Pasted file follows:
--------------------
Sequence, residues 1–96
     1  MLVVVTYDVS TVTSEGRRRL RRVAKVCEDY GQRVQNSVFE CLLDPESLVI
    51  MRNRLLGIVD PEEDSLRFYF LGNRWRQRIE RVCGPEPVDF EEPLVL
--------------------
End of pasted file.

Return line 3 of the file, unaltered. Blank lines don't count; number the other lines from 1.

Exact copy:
    51  MRNRLLGIVD PEEDSLRFYF LGNRWRQRIE RVCGPEPVDF EEPLVL